It is the object of the present invention to provide a sensor of the type described above, wherein, however, electromagnetic transgression of the oscillators is avoided without sensitivity losses and extended down times.
In a sensor comprising a housing including at least two passive building components capable of oscillating and oscillator circuits and with means for passing a medium to be examined through the housing, the oscillator circuits each include an amplifier and a variable phase shifting component providing for a phase shift range sufficiently large to switch the oscillating components off while the amplifier remains operating.
The particular advantage of the invention resides in the combination of damping-tolerant oscillators (high amplification of the active component) with adjustable phase (phase shifter by means of coil and capacity diodes) with the capability to switch the oscillators off. This eliminates the need for a separation of the sensor chambers since the oscillators can be multiplexed and operated at the same time at their optimal phase points.
This kind of switching potentially permits the miniaturization of sensor oscillator arrays (BAW (QMB), SAW, capacitive oscillator principles) and, by a selection of the optimal operating points of the oscillators (phase), provides at the same time for an increase in the sensitivity.
In front of the amplifier input and output of an oscillator, a phase shifter is arranged, which is electrically adjustable by way of capacity diodes. By applying a predetermined voltage the oscillator vibrates at a predetermined phase condition. This means that the arrangement can be adjusted to the phase point of the passive regenerative component, which is optimal for the particular purpose or to fully exit the transmission range of the passive component by totally de-tuning the phase shifter with the voltage applied thereto. The phase condition for the oscillation is then no longer fulfilled and it breaks off. The same “switching” behavior could be achieved by the use of PIN diodes.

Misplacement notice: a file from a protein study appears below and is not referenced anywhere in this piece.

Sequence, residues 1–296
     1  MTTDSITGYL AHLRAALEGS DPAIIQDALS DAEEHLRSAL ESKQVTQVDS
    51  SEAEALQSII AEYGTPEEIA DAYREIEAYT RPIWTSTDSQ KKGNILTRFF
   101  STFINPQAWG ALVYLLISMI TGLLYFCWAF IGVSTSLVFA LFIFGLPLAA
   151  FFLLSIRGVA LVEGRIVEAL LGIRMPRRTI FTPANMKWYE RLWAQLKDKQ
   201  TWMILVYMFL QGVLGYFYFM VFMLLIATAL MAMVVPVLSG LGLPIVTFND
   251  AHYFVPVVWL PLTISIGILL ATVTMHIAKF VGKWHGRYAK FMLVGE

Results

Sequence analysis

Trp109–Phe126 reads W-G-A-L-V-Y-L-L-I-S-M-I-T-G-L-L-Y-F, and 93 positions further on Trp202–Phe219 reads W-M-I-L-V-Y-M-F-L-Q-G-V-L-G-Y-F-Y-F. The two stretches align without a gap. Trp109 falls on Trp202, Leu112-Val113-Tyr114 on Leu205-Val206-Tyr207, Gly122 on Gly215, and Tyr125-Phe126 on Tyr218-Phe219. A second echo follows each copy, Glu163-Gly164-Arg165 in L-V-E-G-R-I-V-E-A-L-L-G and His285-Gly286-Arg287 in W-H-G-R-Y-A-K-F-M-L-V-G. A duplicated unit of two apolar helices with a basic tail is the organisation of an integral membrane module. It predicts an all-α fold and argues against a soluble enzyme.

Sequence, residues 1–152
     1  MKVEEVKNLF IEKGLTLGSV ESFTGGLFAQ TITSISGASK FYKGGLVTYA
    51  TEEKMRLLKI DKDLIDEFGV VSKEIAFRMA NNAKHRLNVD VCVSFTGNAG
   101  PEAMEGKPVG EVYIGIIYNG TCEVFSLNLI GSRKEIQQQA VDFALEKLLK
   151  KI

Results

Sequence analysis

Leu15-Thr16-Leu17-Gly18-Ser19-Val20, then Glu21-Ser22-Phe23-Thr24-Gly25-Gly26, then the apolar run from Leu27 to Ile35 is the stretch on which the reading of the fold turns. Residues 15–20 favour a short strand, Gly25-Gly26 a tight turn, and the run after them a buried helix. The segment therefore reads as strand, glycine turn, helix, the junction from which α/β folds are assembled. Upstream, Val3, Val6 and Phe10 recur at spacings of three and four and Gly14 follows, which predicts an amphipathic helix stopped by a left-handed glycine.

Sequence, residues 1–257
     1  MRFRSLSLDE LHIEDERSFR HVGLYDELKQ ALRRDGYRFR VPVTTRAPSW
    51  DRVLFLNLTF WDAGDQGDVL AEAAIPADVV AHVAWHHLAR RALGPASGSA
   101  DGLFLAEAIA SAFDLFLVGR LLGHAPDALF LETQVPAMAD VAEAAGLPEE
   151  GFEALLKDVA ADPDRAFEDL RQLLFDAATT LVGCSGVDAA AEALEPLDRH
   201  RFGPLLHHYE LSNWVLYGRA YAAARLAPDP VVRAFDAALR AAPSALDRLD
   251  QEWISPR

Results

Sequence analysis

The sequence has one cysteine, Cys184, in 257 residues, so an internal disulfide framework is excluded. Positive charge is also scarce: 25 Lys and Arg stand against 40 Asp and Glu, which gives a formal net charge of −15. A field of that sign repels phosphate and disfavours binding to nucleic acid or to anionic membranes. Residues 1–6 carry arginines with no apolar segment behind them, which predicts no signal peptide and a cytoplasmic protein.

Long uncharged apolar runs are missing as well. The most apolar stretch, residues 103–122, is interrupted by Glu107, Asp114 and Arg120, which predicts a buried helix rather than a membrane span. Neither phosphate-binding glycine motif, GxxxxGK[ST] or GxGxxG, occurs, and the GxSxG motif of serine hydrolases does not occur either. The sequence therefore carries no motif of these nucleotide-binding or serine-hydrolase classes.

A similar principle is utilized in connection with quartz-stabilized VCOs (Voltage-Controlled Oscillators). In that case, however, the phase is only shifted; the oscillator is not switched.
Below, an embodiment of the invention will be described on the basis of the accompanying drawings.
FIG. 1 shows a sensor arrangement in principle,
FIG. 2 shows an exemplary embodiment of an oscillator amplifier, and
FIG. 3 shows the transmission behavior of a surface acoustic wave building component (SAW).
FIG. 1 shows, in principle, a miniaturized sensor head utilizing separately controllable oscillators.
A micro-electronic circuit, in this case, a FPGA (free programmable gate array) provides at the outputs 1 . . . 6 the respective signals for controlling the capacity diodes of the six measuring oscillators, which each consist of SAWs and the oscillator circuit. Furthermore, it includes a fast connector timely synchronized with the respective channel. The particular HF signal of the respective active oscillator is mixed down with a permanently oscillating reference oscillator and the low frequency difference signal (dF) is supplied to the FPGA counter.